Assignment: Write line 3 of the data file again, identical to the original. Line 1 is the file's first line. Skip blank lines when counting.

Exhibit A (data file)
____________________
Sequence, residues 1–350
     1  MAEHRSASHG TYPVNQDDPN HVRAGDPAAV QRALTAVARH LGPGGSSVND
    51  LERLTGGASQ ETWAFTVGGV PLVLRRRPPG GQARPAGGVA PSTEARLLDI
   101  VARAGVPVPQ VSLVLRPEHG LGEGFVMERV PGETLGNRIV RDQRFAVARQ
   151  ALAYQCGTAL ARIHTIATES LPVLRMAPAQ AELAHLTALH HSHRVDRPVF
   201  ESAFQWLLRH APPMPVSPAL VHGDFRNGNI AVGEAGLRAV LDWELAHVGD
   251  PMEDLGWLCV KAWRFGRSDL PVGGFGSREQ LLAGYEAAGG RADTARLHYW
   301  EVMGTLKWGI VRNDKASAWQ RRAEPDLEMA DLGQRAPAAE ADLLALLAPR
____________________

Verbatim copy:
    51  LERLTGGASQ ETWAFTVGGV PLVLRRRPPG GQARPAGGVA PSTEARLLDI